The Power of Persistence in Tierra Whack’s “Dora”


Tierra Whack is one of the most unique rappers in the game today. Most know her from her 2018 album Whack World, which consisted of fifteen one-minute tracks and propelled her onto the coveted 2019 XXL Freshman list. She is now releasing weekly singles as she gets closer to dropping her next album. One of these singles is “Dora”, a call to persist and explore like Dora the Explorer. The video is particularly relevant during the pandemic.

In this article, I examine the way the music video maintains the strong message of persistence, specifically looking at how the video was created, the aspect ratio that was chosen, and few key images.


“Dora” was released on October 29, 2020. The music video was directed by artist Alex Da Corte with contributions from artists around the world. Animation isn’t new to Tierra Whack — all of her single and album covers are animated and many of her music videos feature animation. She tends to use animation for its playful and wacky qualities, which pairs well with her unique style of music.

Tierra Whack. “Dora”, Interscope Records, 2020.

In a statement made to Stereogum, Alex Da Corte explains that “Dora is a call to persist and to explore.” In the midst of a pandemic forcing everyone to stay home, this call to action is an unusual one, as Da Corte is the first to admit. What makes the video so interesting is the way it embodies this struggle between exploration and the confining realities of 2020.

Right off the bat, the square aspect ratio is apparent. The square crop is a constricting one. It creates a smaller field of view and is not the obvious choice for a song that champions adventure. A cinematic 2.66:1 ratio like that of the Clint Eastwood westerns would create a sense of space and an urgency to explore it, but a 1:1 ratio does the exact opposite.

With this ratio, Da Corte and Tierra Whack do two things that place this video in the era of quarantine. First, there is the obvious reference to the square crop of Instagram, pointing to the increasingly digitized world that we live in. Second, and more importantly, the aspect ratio signifies the confining qualities of quarantining, therefore giving greater significance to the action of the video.

Da Corte constructed the objects in the video “out of simple items [he] found in [his] kitchen and studio.” He worked within the limited space of his own home and still managed to explore and create. Additionally, the video was created by many different artists all around the world. The collaboration of these artists embodies the message of the song — to persist in your creativity — and it is also directly portrayed in the video. Despite the limited space they have to work with in their homes and in the video, they still create dozens of incredible images in the two-and-a-half-minute video. Both in real life and the video, creativity persists and overcomes constraining circumstances.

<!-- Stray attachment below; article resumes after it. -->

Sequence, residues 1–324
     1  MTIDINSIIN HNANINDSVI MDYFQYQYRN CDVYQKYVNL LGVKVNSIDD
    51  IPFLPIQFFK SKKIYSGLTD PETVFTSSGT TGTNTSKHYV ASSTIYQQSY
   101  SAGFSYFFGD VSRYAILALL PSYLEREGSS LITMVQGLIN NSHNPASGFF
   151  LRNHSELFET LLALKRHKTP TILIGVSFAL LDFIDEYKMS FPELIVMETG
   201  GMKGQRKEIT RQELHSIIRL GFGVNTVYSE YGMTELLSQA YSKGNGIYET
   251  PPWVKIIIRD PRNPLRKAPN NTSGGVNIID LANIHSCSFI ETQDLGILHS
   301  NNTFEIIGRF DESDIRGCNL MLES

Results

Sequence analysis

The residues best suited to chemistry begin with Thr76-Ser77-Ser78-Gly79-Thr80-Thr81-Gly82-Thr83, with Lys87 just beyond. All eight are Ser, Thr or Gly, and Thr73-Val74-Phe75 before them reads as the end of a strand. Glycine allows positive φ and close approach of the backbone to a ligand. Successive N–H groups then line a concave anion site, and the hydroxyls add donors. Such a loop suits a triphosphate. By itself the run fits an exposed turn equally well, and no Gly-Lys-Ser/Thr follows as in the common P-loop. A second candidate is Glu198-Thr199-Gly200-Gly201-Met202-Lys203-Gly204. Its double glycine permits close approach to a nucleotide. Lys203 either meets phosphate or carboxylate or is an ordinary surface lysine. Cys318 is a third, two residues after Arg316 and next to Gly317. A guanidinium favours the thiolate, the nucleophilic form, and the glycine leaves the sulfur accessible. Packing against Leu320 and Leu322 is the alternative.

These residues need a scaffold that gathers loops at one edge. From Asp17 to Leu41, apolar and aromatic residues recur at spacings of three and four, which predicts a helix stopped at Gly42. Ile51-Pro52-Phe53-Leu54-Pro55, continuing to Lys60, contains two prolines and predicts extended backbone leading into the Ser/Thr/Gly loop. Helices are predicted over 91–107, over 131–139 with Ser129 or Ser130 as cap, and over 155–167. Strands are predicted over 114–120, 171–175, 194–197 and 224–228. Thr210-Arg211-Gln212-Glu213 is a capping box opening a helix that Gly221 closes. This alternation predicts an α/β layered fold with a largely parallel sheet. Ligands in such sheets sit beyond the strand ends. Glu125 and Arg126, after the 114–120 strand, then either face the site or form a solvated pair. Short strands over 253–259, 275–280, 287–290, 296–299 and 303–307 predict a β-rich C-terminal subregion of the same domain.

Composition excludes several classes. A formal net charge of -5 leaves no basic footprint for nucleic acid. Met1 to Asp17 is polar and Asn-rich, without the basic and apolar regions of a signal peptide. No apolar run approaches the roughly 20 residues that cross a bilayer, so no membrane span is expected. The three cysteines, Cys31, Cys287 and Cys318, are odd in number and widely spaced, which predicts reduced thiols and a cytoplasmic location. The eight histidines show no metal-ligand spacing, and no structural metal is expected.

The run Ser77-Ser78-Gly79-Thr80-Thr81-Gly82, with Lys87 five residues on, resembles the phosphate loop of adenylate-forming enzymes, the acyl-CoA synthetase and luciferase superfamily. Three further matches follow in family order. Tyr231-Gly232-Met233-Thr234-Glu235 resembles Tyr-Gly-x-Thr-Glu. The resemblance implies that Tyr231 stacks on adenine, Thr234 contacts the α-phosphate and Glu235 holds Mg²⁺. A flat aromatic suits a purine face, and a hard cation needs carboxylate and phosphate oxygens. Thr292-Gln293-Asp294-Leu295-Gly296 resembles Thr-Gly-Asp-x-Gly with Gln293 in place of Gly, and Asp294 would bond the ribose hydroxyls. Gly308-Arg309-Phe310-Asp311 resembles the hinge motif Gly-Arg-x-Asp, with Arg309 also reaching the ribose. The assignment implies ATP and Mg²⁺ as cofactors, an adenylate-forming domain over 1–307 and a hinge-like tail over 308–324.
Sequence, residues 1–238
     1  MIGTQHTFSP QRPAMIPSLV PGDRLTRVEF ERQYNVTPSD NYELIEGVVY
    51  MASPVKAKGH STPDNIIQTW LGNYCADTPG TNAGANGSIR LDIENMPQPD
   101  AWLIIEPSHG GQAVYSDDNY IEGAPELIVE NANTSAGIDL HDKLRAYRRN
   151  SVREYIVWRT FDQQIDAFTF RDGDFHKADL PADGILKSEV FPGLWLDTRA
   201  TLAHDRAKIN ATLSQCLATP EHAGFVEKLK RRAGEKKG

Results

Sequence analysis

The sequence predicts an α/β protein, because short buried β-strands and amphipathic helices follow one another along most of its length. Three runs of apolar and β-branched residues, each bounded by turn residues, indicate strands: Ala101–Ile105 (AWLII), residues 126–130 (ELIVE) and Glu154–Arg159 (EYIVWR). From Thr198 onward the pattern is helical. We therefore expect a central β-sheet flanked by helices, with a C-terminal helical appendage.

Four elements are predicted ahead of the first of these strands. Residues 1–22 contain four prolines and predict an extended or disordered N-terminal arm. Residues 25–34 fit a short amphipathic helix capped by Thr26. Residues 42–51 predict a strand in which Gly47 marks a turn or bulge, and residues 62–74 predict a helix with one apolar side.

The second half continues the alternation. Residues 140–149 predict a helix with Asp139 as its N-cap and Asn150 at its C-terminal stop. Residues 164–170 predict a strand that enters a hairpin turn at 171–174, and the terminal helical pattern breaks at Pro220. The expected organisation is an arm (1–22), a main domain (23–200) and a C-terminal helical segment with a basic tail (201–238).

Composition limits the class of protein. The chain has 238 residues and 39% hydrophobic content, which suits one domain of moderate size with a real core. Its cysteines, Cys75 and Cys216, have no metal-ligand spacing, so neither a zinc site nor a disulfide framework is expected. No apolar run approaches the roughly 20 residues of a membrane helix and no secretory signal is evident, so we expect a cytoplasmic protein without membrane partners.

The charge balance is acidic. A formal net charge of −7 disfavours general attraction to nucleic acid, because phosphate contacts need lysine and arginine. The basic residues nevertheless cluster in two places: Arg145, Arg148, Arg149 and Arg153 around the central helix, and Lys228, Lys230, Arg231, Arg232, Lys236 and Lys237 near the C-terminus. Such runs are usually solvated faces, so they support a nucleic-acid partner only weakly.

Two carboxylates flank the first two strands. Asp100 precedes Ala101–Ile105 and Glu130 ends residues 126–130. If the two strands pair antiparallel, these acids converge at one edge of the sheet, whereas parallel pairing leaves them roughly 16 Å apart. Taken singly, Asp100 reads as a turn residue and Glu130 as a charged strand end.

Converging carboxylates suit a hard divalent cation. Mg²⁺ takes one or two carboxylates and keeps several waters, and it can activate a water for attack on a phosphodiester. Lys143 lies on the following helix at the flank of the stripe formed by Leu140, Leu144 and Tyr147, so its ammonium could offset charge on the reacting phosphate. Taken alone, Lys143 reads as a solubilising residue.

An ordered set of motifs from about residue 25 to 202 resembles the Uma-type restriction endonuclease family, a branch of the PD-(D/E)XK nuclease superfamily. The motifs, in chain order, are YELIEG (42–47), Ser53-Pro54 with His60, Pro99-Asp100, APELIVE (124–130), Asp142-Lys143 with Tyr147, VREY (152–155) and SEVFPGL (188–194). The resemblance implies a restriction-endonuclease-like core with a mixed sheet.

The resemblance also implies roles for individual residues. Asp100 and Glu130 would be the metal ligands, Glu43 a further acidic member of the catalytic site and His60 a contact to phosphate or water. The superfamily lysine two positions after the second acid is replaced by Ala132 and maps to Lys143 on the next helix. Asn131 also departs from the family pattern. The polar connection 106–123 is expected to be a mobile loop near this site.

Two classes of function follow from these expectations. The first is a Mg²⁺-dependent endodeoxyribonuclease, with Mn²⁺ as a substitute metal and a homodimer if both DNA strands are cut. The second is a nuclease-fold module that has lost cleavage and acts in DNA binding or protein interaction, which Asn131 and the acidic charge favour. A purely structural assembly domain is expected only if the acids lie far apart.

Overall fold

There are also examples of this persistence in the face of environmental obstacles in the video, mainly the sequence with Tierra Whack opening doors. There is always another door blocking her way, but she opens the next one anyway. This relates to the title of the song as well as the message. On her adventures, Dora always faces an obstacle (Swiper has swiped something), but she always persists. Likewise, there are always new challenges in life, but one must always face them head-on.

The different animation styles and characters that appear in the video are mainly significant as a whole, as they represent collaboration and the infinite scope that creativity allows. The sequence that features Tierra Whack and the Muppets caught my attention, however. This is partly because I am a die-hard Muppets fan, but it’s also because of what the Muppets represent.

More than any other brand, product, or franchise, the Muppets represent persistence on every level. In real life, they have endured many major setbacks like the death of Jim Henson and survived long hiatuses between projects. Despite this, they are always able to make a comeback after a poor project or a long period without work. In the shows and movies, the cast is always facing some imminent threat and is always hanging on by the skin of their teeth, but they always succeed in the end. In reality and the shows and movies, they always persist no matter how difficult it is, just like Tierra Whack instructs her listeners to do.


Through the use of the Muppets and the imagery of opening a never-ending set of doors, De Corte and Tierra Whack visualize the need for persistence in the face of seemingly insurmountable environmental adversity such as a pandemic. In a broader sense, this call for perseverance is depicted with the adventurous and energetic action within such a constricting 1:1 aspect ratio. Finally, the ability on the part of the artists to use materials found in their houses to create these visuals, as well as collaborating from a distance, embodies Tierra Whack’s message of exploring with persistence. Just like Dora, they went on an adventure to create this video. If they can do it, so can we.

Originally published at on November 25, 2020.



Get the Medium app

A button that says 'Download on the App Store', and if clicked it will lead you to the iOS App store
A button that says 'Get it on, Google Play', and if clicked it will lead you to the Google Play store